An innovative and historic effort, the bipartisan International Basic Education Caucus has the potential to make a real impact in developing nations and the world at large.

Melissa Pavlik

Sources: Basic Education Coalition, Congressman Mike Quigley, National Education Association
Photo: Flickr

RESULTS is a U.S.-based charity that advocates for the world’s poor. RESULTS uses advocacy to bring the world’s wealthiest governments together to do more to help end extreme poverty.

It relies heavily on volunteers and has partner organizations in four other countries—Canada, Australia, Japan and the U.K.

Thirty years ago, a teacher named Sam Daley-Harris, was inspired by a report from the National Academy of Sciences which stated that ending poverty was possible through strong political will. This led to the creation of RESULTS.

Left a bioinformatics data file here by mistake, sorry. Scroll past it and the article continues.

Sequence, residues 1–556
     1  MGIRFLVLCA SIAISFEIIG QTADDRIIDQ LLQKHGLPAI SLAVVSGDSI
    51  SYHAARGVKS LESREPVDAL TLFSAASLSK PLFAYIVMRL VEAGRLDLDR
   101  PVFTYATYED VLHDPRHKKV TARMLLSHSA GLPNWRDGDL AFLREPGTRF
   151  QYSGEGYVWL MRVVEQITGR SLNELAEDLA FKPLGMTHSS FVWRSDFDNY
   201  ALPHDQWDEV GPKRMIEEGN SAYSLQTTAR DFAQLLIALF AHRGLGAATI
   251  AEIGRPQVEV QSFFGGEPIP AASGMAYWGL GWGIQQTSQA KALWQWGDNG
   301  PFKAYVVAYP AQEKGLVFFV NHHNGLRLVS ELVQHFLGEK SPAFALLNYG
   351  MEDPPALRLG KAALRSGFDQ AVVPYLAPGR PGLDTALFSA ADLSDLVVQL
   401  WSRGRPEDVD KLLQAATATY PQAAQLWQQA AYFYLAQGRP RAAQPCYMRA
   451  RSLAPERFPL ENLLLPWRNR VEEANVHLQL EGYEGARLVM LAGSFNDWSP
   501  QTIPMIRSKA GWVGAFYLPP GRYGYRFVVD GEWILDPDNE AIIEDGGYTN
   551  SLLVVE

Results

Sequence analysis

Each national organization has its own campaigns. Canada’s campaigns are nutrition, education, water and sanitation and microfinance. In the U.K., RESULTS is working on campaigns for basic education, child health and tuberculosis.

In the U.S., RESULTS has four main campaigns. The first is appropriation, which works to ensure that Congress continues to fund foreign assistance programs, specifically the ones that are the most effective.

The next campaign works to expand economic opportunities like increasing micro finance and “changing the policies of international financial institutions that hinder development.”

The final two campaigns are ensuring that all children have access to basic education and basic healthcare.

These campaigns are meant to educate communities and individuals as well as congress and the media on global poverty and hunger.